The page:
Some songwriters craft tunes with the intent of making social commentary, but rarely do those same songs last through two Presidencies and manage to incite emotion from both sides of the political aisle. Such is the case for James McMurtry, who observes what he sees, but does not claim control of where his songs may go for listeners. “People are listening for themselves in popular songs,” he says, which is why his lyrics speak to human situations that do not neatly fall into “Left” or “Right” boxes. People are much more complicated than that.
Many performers can relate to McMurtry’s years playing Jimmy Buffett cover tunes to placate a bar owner, while slipping in an original song just rarely enough to keep eyebrows from raising. James is not afraid of ruffling feathers, even of his existing fans, as long as the lyric honestly portrays what he sees. From irate email from loyal Texas fans, to adoring crowds in Bangor, Maine, (find out why in the radio show), his music stretches from Southern rock and folk to Americana, incorporating diverse, but dedicated audiences. McMurtry has endured long enough to have multi-generational crowds, where he is the thing that binds parents and children together in music.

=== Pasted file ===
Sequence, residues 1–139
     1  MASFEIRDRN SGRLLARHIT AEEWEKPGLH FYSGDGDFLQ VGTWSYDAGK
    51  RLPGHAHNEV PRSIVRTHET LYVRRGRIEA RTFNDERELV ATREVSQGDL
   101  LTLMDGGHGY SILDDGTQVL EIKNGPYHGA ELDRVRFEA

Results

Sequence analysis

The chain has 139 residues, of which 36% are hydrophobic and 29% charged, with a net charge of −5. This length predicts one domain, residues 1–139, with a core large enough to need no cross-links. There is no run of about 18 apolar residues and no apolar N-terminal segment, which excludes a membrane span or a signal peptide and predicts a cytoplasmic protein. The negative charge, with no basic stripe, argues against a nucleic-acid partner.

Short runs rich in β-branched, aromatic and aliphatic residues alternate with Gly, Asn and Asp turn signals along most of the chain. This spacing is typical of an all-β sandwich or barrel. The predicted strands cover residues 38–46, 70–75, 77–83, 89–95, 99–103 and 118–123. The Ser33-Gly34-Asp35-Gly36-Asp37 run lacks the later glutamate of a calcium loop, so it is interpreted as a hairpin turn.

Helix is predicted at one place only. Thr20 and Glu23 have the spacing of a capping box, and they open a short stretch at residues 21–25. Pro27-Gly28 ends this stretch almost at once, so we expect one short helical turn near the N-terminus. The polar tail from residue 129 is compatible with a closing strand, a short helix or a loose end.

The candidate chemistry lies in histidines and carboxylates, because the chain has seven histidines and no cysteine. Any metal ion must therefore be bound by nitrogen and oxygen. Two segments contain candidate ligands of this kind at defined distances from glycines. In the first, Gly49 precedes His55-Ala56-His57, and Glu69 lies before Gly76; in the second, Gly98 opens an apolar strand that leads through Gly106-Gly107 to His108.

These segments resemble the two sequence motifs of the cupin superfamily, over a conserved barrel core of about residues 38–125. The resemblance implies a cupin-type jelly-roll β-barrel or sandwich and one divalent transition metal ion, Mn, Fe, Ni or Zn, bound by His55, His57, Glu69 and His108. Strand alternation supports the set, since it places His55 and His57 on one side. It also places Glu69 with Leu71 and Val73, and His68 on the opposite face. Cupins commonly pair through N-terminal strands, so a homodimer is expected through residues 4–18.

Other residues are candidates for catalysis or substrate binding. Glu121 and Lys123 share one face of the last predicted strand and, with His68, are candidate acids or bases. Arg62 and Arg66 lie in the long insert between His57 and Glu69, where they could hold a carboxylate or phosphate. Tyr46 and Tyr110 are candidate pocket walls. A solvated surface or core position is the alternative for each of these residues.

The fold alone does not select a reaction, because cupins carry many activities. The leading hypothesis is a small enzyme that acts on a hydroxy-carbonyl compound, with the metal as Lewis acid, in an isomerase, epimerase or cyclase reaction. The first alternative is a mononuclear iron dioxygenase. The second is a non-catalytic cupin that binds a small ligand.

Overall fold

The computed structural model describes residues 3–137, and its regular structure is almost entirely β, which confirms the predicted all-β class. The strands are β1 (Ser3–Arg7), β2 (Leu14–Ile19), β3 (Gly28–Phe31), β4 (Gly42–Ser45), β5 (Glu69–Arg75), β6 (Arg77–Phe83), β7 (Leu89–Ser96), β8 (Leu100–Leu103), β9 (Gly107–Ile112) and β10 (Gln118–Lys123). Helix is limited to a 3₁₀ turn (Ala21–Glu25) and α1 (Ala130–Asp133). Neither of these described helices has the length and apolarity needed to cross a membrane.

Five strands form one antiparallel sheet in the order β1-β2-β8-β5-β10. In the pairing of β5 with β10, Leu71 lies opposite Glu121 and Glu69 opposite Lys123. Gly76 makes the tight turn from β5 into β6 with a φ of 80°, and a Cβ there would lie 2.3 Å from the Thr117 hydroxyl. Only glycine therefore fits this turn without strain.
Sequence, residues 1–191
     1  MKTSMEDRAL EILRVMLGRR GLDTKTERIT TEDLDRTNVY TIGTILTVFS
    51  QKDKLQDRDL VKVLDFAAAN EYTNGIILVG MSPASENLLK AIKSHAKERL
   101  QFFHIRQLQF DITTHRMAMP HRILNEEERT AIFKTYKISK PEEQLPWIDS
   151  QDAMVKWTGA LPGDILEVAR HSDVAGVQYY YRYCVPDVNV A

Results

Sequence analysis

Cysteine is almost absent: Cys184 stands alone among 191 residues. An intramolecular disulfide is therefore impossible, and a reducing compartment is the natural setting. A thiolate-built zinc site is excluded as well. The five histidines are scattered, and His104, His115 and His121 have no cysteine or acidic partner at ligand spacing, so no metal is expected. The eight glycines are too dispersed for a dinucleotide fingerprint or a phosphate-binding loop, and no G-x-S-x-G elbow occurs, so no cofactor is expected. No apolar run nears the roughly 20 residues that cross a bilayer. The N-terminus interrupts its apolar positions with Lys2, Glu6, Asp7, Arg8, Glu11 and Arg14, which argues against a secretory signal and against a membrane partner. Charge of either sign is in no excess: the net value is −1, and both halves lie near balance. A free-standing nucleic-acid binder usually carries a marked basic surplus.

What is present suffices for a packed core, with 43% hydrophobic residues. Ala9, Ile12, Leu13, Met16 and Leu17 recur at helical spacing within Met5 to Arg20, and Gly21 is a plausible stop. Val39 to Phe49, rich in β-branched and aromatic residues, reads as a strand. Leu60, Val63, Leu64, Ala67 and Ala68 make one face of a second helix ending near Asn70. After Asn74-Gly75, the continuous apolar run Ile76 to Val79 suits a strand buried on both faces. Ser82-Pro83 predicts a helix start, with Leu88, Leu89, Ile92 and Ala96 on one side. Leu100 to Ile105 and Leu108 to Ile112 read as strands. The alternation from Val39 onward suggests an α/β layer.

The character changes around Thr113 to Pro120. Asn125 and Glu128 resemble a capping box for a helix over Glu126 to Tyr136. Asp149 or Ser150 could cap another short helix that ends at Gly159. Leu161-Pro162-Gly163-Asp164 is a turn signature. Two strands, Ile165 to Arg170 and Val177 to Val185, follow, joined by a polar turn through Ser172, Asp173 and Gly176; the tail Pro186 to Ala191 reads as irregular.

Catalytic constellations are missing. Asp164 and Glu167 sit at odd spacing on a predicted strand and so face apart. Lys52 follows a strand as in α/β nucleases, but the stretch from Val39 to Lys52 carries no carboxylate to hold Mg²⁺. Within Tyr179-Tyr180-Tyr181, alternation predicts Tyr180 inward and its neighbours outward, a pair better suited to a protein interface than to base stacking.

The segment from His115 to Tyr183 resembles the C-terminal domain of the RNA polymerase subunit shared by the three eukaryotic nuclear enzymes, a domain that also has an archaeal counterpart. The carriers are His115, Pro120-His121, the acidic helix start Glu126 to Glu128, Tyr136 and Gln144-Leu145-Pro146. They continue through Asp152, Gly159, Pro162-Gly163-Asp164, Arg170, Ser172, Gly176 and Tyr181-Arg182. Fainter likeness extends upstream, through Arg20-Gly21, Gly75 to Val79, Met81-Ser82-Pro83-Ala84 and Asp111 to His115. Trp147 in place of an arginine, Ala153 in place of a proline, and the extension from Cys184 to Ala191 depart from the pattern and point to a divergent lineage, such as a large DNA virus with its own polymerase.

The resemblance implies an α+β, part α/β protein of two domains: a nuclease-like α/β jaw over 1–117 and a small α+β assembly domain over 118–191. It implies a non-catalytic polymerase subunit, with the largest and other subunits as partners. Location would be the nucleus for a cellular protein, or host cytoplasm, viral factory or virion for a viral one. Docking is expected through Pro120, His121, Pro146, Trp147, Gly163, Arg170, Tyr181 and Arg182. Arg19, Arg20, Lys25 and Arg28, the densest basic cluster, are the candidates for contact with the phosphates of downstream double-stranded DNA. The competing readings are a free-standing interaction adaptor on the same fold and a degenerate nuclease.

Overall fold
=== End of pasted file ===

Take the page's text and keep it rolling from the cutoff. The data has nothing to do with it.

For all the weightiness of some of James McMurtry’s songs, he does not describe himself as a “political songwriter.” While he acknowledges how others may categorize him that way based on a small subset of his music, overall, he defines himself more as an observer. McMurtry’s next record is not written yet, but he anticipates his first set of more personal songs, because he has “run out of everything else to write about.”
Songs in Episode 1212 Include:
- 3 from James McMurtry, including one in tribute to Guy Clark
- a song from producer CC Adcock, “All 4 the Betta”
- Lucinda Williams, “Born to Be Loved”
- John Hartford, “Turn Your Radio On” version 2
- Jonny Burke with the Band of Heathens, “Ship Come In”
- One from Episode 1213, Patrick Sweany, “Police Car Blues”